There are certain rules for playing an athlete in a movie (Photo by Complex.com)
I’ve developed a foolproof system for determining whether or not any actor is an acceptable choice to portray an athlete in a film. I call it "the Space Jam rule."
Don’t let Hoosiers or Rudy purists tell you otherwise: Joe Pytka perfected the sports movie genre with his 1996 gem, Space Jam. It’s so obvious that I’m not even going to waste this space making such an argument (but when we launch our NBA site in a few months? That’s another story).
You know what makes Space Jam so iconic? Michael Jordan’s legendary performance as Michael Jordan. With ANY other NBA star, that movie fails. There’s no way Karl Malone, Shaquille O'Neal, Gary Payton, or anyone else from that era could beat an entire team of All Stars with Lola Bunny as his top running mate. I mean, for God’s sake, MJ scored 44 points on 100% shooting. That’s not a typo. This really happened!
Here’s my point. You’re not convincing me that this is possible with anyone else. Therefore, if they were ever to make a remake of Space Jam, I would not buy it unless the player chosen to replace Jordan could actually make me believe that he could do the same things. In today’s game, that is a list of one: LeBron James. If you remake Space Jam with Kobe Bryant, Dwyane Wade, Kevin Durant, or anyone not named LeBron James, it’s simply not believable. With this logic, the Space Jam rule states that for an actor to play an athlete in a movie, he must have the same level of skill and sports clout as the athlete.
Let’s apply this rule to the brewing Unitas We Stand controversy. In case you don’t constantly follow the going’s on of Joe Flacco’s life, he’s going to play Johnny Unitas in an upcoming film about the greatest quarterback you’ve never seen play. As the Unitas family religiously follows everything I write, they’re understandably upset about this development. You know, because he’s Joe Flacco.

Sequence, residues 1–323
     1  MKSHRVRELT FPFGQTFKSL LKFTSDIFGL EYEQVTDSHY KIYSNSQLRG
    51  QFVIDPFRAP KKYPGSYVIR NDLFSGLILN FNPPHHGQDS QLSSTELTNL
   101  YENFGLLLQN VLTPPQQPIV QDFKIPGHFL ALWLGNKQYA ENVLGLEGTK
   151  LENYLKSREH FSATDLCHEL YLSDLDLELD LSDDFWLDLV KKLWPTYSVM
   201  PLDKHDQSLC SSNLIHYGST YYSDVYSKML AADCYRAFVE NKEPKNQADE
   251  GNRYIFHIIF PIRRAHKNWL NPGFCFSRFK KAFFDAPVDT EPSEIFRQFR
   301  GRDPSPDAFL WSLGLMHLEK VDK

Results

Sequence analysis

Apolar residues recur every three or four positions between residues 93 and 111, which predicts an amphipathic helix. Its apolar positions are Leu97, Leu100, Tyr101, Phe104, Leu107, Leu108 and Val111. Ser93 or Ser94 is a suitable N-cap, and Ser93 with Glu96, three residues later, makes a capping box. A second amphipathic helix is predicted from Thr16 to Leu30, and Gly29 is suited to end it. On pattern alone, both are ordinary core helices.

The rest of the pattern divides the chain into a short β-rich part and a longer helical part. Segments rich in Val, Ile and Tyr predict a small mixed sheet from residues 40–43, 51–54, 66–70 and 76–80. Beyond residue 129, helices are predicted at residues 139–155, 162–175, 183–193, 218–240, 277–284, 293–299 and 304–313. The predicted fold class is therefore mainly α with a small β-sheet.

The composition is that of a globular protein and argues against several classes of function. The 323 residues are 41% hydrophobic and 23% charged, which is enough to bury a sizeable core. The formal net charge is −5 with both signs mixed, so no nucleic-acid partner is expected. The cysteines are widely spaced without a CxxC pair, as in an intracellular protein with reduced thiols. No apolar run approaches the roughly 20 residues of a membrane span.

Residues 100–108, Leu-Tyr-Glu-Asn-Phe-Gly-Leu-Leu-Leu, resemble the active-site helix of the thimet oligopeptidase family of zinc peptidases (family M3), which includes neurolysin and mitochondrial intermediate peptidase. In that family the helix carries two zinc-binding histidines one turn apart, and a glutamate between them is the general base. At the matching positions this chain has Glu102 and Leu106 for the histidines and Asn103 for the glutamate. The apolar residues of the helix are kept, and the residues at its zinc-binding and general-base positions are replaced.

According to the Space Jam rule, does Joe Flacco have the clout to play Johnny Unitas? Hell no! It’s been five years and I’m still not completely comfortable with Flacco even playing in the same city as Unitas.
John Unitas Jr. suggested Peyton Manning. This wouldn’t work either, as Unitas was vocal in his objections when the Colts moved from Baltimore, so picking an Indianapolis legend would be insulting to his legacy. But he brings up a good point. Manning has the clout to play Unitas.
So, let’s say Manning isn’t an option. Are you telling me Tom Brady wouldn’t jump at the chance to play a legend? Or Aaron Rodgers? Hell, why not match a legend with a legend by bringing Brett Favre back to the silver screen. It is only for football scenes after all; he’d be a glorified stunt double. His southern drawl wouldn’t ruin the film like it has so many Hattiesburg press conferences. Point is, there’s no shortage of options available here.
But apparently, the only prerequisites for playing the father of modern NFL quarterbacking are a Super Bowl ring and a Baltimore address. Maybe they should have given Trent Dilfer a call.
By: Sam Quinn